Gee had already found DHS in violation of the agreement in July, with the most recent ruling being a stern rebuttal of the government’s request to reconsider the ruling. DHS has argued that complying with the agreement would lead to a large influx of illegal immigrants crossing the border; however Gee called the argument “repackaged and reheated,” saying it was “speculative,” and equating it to “fearmongering.”
California U.S. District Judge Dolly Gee issued a 15-page ruling late Friday calling for the Department of Homeland Security (DHS) to release hundreds of immigrant children being held in three family detention centers “without unnecessary delay.” This comes after a wave of refugee children and families crossing into the Southwestern U.S. crossing the Mexican border last summer, mostly to flee violent Central American countries. Gee found DHS in violation of a 1997 legal settlement known as the Flores agreement, requiring certain housing standards for children in the U.S. illegally or are seeking asylum. In the ruling, Gee wrote that DHS “routinely failed to proceed as expeditiously as possible to place accompanied minors, and in some instances, may still be unnecessarily dragging their feet now.” Gee said that the children should have been released within 72-hours if they were not to be perceived to be a flight risk or a danger to themselves or others. Despite the call for immediate release, Gee did give the government until October 23rd to comply with the decision as well as allow for some logistical leeway.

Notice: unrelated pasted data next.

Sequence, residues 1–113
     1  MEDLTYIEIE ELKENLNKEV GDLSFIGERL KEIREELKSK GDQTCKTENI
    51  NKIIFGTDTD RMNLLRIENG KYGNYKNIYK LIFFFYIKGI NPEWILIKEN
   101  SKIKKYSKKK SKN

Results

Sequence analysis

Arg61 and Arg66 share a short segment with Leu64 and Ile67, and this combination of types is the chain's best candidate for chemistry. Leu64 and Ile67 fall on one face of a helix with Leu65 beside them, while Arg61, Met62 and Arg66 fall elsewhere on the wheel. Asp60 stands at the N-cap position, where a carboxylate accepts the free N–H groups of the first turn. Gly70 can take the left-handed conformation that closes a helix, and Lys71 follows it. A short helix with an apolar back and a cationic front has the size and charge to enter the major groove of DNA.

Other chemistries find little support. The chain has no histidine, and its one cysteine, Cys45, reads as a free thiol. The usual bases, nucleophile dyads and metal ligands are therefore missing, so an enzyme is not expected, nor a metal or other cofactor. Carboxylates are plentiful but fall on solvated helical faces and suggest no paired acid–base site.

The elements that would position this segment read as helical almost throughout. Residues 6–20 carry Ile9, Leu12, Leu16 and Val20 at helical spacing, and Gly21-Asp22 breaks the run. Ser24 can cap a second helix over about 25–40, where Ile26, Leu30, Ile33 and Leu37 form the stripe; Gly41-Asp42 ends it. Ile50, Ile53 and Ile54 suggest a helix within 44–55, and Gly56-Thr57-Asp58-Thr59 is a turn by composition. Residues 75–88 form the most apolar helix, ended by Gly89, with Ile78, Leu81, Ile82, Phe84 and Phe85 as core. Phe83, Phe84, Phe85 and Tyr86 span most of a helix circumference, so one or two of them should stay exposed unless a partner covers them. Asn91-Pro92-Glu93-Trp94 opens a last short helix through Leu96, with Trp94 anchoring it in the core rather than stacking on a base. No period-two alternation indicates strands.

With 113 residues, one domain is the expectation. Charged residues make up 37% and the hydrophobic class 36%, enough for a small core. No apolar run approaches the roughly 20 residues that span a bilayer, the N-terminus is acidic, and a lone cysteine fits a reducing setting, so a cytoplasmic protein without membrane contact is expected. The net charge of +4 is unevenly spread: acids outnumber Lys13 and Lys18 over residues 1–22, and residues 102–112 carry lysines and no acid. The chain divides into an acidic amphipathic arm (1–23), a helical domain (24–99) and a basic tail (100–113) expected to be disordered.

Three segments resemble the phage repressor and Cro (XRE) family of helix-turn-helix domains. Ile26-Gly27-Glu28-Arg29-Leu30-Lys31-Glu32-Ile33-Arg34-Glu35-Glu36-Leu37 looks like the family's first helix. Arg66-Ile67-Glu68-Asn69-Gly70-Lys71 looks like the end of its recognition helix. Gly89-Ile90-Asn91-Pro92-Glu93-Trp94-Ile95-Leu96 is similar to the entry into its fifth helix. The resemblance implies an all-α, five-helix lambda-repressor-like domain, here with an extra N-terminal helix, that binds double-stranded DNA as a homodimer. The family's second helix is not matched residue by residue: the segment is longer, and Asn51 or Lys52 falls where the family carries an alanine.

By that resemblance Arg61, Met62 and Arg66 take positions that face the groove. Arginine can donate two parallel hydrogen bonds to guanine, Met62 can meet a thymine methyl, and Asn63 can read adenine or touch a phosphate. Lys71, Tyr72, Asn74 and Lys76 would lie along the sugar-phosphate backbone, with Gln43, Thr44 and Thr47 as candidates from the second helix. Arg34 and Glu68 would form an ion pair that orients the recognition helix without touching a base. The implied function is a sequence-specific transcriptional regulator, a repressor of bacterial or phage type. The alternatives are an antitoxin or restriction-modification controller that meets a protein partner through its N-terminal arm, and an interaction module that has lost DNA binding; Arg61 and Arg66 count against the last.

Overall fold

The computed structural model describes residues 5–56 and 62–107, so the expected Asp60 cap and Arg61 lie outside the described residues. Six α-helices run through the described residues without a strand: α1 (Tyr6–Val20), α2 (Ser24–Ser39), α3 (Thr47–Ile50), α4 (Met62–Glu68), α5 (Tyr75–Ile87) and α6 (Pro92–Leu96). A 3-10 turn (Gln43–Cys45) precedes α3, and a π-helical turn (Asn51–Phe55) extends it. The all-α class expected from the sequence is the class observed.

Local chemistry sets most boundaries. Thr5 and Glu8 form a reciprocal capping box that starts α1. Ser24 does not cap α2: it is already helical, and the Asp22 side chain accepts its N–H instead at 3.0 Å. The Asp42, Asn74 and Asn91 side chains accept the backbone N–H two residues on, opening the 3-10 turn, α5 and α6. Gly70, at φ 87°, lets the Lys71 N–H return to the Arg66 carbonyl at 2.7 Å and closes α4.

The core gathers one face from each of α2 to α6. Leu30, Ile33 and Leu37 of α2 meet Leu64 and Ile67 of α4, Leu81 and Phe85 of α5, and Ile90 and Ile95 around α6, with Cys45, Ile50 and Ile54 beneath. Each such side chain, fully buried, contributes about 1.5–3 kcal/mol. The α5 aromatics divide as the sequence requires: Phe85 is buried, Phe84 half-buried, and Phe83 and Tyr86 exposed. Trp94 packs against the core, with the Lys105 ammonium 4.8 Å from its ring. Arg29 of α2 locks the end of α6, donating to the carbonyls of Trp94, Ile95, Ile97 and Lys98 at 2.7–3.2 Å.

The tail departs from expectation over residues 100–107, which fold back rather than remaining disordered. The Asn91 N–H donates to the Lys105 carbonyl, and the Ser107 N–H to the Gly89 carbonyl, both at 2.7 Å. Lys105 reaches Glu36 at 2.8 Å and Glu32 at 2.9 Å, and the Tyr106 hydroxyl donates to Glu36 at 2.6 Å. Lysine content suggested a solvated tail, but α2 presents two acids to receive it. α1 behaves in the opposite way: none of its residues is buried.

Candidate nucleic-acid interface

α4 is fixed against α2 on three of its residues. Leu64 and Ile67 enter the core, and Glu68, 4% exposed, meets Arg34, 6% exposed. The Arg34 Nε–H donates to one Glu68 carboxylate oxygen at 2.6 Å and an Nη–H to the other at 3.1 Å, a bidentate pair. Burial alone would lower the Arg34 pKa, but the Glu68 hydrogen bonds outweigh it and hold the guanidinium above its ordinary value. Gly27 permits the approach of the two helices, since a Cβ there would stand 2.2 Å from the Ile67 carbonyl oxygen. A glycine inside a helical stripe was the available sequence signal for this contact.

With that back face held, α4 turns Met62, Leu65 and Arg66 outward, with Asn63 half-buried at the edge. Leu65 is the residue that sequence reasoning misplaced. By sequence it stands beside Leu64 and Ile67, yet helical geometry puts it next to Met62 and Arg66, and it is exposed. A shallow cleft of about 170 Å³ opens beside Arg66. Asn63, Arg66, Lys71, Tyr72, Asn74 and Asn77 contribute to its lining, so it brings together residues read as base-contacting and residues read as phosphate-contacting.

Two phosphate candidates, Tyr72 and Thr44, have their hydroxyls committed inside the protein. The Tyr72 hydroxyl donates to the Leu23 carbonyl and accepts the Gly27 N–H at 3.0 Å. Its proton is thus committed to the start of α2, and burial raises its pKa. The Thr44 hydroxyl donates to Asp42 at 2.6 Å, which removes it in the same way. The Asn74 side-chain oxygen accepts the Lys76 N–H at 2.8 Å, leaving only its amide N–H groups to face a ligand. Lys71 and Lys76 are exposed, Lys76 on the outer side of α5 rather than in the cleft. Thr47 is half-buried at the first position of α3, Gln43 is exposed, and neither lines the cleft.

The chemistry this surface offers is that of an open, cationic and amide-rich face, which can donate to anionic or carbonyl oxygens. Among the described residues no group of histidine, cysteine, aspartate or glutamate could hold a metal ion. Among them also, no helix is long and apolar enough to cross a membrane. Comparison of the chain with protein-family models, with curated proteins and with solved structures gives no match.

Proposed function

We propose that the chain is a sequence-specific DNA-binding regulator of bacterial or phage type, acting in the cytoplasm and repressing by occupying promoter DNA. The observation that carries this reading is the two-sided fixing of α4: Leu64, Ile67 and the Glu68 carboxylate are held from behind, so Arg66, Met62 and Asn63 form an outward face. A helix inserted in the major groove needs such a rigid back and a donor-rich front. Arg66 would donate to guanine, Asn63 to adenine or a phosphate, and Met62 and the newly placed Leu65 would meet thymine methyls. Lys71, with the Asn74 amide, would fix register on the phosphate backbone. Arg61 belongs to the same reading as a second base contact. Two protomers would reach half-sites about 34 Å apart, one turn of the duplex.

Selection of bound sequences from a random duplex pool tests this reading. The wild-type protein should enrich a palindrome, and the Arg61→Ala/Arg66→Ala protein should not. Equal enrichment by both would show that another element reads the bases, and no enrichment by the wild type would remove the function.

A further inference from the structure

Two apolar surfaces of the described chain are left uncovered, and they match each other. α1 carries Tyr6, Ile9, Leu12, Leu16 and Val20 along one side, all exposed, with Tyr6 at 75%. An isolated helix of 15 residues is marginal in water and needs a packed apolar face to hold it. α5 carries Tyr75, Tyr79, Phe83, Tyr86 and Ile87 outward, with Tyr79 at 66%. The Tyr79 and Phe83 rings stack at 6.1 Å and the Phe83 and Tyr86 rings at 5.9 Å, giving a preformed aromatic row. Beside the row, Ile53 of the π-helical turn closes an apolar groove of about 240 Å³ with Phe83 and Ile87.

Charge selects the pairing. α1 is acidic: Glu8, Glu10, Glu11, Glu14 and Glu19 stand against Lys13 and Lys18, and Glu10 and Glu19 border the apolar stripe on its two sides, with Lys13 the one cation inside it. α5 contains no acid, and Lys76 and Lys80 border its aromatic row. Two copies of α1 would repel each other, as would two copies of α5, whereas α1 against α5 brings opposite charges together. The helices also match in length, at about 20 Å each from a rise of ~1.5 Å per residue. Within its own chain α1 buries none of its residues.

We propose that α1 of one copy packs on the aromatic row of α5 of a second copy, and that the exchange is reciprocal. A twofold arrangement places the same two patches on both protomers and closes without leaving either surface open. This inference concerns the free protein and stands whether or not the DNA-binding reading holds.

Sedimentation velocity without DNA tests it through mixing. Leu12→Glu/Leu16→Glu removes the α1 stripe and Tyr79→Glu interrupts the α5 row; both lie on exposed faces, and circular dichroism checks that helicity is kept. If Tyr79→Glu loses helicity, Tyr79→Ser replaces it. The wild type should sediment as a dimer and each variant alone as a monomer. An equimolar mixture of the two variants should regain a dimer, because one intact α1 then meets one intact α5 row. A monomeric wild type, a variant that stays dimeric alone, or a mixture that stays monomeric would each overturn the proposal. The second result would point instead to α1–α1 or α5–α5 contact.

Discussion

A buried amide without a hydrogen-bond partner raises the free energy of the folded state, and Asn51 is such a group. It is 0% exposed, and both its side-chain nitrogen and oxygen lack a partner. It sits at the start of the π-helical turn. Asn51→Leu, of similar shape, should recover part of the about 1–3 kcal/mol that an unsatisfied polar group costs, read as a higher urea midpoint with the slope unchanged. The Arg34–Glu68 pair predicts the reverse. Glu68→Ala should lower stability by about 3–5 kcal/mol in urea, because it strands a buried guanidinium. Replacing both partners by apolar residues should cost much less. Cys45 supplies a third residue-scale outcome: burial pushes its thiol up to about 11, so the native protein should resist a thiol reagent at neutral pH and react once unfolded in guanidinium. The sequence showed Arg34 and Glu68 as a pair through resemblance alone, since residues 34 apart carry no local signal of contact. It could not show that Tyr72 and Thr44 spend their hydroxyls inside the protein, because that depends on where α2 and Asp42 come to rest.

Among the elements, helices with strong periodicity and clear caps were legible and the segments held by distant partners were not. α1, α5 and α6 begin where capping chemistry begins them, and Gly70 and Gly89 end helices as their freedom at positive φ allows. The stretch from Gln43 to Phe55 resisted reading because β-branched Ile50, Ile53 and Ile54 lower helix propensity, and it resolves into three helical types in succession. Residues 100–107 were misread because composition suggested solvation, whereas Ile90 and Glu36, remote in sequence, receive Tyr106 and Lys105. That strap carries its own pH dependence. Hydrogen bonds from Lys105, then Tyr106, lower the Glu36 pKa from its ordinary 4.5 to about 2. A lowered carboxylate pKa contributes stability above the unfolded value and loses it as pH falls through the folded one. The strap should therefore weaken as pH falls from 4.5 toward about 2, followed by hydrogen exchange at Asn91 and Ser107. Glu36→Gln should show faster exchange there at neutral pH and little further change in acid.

Gee had already found DHS in violation of the agreement in July, with the most recent ruling being a stern rebuttal of the government’s request to reconsider the ruling. DHS has argued that complying with the agreement would lead to a large influx of illegal immigrants crossing the border; however Gee called the argument “repackaged and reheated,” saying it was “speculative,” and equating it to “fearmongering.” Including the wave of fleeing children last summer, U.S. authorities apprehended roughly 68,000 people while crossing the U.S.-Mexican border between September 2013 and October 2014, a large portion being mothers with children. That number dropped significantly in the months since, with less than 30,000 people apprehended from October 2014 to this past July. U.S. authorities cite better enforcement and coordination between the U.S. and Mexican government for the drop. On Saturday, DHS released a statement saying that the department will “consider available options with the Department of Justice.” Some analysts speculate the government will try to bring the case to the 9th Circuit Court of Appeals headquartered in San Francisco.
The U.S. Immigration and Customs Enforcement office has overseen the 1,400 detainees in two facilities in Texas near San Antonio, which house over 1,300 of the children and women, along with about 70 detainees in a smaller facility in Berks County, Pennsylvania. Despite government oversight, the two Texas facilities are run by private companies, adding to the controversy. Gee herself has called the temporary facilities “deplorable,” saying that they have “failed to meet even the minimal standard” for “safe and sanitary” conditions. Government attorneys have argued that conditions in the facilities have improved in recent months; however Gee refuted that claim citing little evidence. The Justice Department responded in a statement that it will “continue to screen family members’ claims as expeditiously as possible.” Gee’s order does not make it clear, however, whether or not the parents will be released as well, or if families will be separated. According to the Census Bureau, the number of immigrants in the U.S. reached a record high of 42.1 million in the second quarter of 2015, or 13.3 percent of the U.S. population.
International Business Times -Aditya Tejas
Los Angeles Times – Cindy Carcamo
The Salinas Californian/Associated Press- Seth Robbins